PHILADELPHIA -- The ball seemed to hang in the air for an eternity, as did the outcome of the game. Quarterback Russell Wilson dropped back on third-and-10 from his own 11-yard line, with one minute, 47 seconds to play, and lofted a pass high down the right numbers. It was one of those high-risk moments, in that the Seahawks were without three starting offensive linemen and playing against a talented defensive front. And with only eight points separating them from the desperate Eagles, there was the threat of a sack, a safety or, worse, a defensive score off a turnover.
But when you have a 6-foot-4, 229-pound wide receiver whose quiet confidence is as striking as his physical stature, you let the ball go, which is what Wilson did on the decisive play Sunday in the Seahawks' 17-9 victory at Lincoln Financial Field. Rookie wideout D.K. Metcalf rewarded his trust by sealing the outcome with a 36-yard reception, using his size and athleticism to beat safety Marcus Epps, who was giving away four inches and 38 pounds.
It was not the first big play of the evening for Metcalf, who gave Seattle a two-score lead midway through the third quarter by stretching out to snare a deep pass from Wilson, then getting to his feet and extending the ball over the goal line to complete a 53-yard touchdown. In fact, he finished with seven catches on nine targets for 160 yards, setting a team playoff record and an NFL rookie playoff record to help the Seahawks to the second round of the playoffs, where they will meet the Packers in Green Bay on Sunday evening.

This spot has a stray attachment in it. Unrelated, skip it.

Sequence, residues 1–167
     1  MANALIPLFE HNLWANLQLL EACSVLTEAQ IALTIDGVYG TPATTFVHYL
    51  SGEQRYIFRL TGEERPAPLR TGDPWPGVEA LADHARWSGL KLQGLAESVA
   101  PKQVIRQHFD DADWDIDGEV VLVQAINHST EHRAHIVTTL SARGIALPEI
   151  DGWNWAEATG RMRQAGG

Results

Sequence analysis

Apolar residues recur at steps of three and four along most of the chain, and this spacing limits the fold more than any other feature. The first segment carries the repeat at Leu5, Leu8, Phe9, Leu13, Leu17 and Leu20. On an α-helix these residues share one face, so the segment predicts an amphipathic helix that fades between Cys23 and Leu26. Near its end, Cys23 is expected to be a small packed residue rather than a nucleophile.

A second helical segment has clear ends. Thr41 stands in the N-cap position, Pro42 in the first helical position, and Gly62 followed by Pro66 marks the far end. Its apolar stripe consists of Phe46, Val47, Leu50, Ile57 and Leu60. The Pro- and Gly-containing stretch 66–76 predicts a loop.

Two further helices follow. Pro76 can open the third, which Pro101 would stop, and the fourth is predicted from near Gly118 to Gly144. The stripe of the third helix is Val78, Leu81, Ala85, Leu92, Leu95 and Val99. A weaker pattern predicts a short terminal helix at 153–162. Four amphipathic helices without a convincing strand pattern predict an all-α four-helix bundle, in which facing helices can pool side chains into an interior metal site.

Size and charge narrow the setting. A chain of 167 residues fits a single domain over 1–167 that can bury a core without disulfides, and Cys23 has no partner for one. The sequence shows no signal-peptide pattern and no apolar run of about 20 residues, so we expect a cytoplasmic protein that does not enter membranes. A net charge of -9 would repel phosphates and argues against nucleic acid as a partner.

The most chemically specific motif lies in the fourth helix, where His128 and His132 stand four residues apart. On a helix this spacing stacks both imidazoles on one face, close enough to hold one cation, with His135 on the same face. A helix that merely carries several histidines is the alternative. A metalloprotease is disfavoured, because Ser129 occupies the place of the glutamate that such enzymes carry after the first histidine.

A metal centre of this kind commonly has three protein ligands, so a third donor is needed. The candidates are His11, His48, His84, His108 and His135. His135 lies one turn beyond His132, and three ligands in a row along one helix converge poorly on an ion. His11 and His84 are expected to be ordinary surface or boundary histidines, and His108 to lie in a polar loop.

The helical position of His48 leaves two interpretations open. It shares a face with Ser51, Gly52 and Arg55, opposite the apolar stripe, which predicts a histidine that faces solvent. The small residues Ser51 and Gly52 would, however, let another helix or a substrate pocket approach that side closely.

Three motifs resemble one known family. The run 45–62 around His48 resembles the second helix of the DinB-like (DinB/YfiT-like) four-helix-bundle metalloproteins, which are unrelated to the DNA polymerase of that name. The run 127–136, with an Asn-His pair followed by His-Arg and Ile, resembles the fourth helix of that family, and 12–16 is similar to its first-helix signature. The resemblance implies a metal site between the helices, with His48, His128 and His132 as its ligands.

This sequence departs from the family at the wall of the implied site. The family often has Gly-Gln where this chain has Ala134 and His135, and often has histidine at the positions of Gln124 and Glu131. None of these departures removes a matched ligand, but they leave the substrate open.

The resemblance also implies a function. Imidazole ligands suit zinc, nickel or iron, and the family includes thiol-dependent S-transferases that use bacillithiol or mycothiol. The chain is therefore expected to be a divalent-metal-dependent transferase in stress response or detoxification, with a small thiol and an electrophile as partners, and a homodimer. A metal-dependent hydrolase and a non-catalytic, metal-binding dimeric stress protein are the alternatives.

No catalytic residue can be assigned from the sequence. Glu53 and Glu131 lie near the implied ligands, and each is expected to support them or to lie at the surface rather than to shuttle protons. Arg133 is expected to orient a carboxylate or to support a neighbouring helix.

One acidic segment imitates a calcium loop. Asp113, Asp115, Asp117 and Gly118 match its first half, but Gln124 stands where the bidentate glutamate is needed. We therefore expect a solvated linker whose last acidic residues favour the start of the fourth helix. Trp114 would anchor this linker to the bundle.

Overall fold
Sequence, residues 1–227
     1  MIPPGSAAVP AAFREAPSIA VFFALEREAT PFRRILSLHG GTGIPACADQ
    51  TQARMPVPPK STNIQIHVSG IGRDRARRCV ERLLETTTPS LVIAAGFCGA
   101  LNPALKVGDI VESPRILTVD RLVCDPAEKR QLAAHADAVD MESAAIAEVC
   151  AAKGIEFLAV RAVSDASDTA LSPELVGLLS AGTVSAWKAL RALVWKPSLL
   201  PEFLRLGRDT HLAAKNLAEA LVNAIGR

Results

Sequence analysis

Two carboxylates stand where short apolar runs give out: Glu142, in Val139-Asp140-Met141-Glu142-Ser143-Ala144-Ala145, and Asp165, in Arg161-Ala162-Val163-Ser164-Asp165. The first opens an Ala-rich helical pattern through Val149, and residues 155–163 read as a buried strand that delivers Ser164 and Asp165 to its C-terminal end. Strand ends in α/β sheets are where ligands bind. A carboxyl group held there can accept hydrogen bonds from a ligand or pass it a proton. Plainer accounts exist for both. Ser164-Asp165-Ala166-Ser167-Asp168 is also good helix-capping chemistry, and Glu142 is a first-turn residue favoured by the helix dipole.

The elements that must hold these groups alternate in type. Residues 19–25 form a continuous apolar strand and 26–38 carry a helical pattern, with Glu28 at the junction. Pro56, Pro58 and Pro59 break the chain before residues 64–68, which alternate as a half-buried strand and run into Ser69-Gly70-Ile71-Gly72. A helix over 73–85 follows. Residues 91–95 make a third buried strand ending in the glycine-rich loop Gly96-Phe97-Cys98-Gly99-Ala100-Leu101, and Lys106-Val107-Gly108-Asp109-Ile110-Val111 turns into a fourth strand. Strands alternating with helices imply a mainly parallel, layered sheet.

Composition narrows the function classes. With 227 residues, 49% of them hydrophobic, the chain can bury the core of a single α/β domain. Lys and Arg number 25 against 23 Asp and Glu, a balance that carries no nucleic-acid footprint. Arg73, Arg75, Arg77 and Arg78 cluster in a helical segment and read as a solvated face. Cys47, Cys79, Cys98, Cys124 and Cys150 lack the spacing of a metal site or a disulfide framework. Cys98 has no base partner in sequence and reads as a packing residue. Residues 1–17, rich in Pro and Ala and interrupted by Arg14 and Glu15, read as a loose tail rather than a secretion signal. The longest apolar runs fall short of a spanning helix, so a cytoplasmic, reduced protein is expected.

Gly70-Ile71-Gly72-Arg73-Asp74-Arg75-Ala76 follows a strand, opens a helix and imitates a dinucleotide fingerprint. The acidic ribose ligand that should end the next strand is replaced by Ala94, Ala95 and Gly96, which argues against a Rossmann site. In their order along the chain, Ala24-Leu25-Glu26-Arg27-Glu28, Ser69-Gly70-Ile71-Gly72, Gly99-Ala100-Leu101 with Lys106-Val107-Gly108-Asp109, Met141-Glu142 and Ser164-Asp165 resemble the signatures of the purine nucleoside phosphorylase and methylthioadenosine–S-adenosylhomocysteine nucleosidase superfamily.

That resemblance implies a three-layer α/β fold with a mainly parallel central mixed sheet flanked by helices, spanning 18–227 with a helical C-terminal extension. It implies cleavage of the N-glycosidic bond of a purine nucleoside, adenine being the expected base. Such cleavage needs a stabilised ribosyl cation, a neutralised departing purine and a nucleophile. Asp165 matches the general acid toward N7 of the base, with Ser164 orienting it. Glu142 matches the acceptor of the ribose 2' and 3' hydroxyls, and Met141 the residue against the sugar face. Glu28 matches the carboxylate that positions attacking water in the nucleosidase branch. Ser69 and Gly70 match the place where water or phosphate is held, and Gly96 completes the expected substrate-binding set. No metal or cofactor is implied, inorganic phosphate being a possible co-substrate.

Metcalf's performance throughout the season is among the reasons Seattle is contending for the Vince Lombardi Trophy. The brilliance of Wilson was never questioned, and the defense was supposed to be strong again with the acquisition of defensive end Jadeveon Clowney. But questions persisted about the receiving corps after the retirement of Doug Baldwin. Who would complement Tyler Lockett, who came into the league as a return threat but has developed into a top play-making receiver?
The Seahawks used the last pick of the second round on Metcalf, selecting him after eight other wideouts were off the board. Even then some wondered whether he would flourish. He played only two seasons at Mississippi and did not have more than 39 receptions in either year. He also missed the second half of his final season with a neck injury.
Even after he showed up at the NFL Scouting Combine with the body of a Greek god and the speed of a Zeus lightning strike, some teams were still afraid to use a high pick on him. He cautioned them not to doubt him, words that seem prophetic today considering he finished tied for second in catches (58), tied for third in touchdowns (seven) and was third in yards receiving (900) among all rookies this year.
"He's one of those guys who when he sets his mind to something, he's going to go do it," general manager John Schneider said. "You look at the combine stuff and how he said he wanted to be the biggest, fastest, strongest, then goes and does it. That's who he is."
Metcalf is the guy who stays after each practice to catch balls on a JUGS machine, the guy who comes in on his off day to work on his hand-eye coordination by catching tennis balls, the guy who gets the highest score each week when answering the tests that Wilson gives to his wideouts and backs. And yet despite all that, there was still the lingering question of how he would perform in the playoffs, which can be unnerving for some first-year players. The stage is larger, the audience bigger, the moments more dramatic.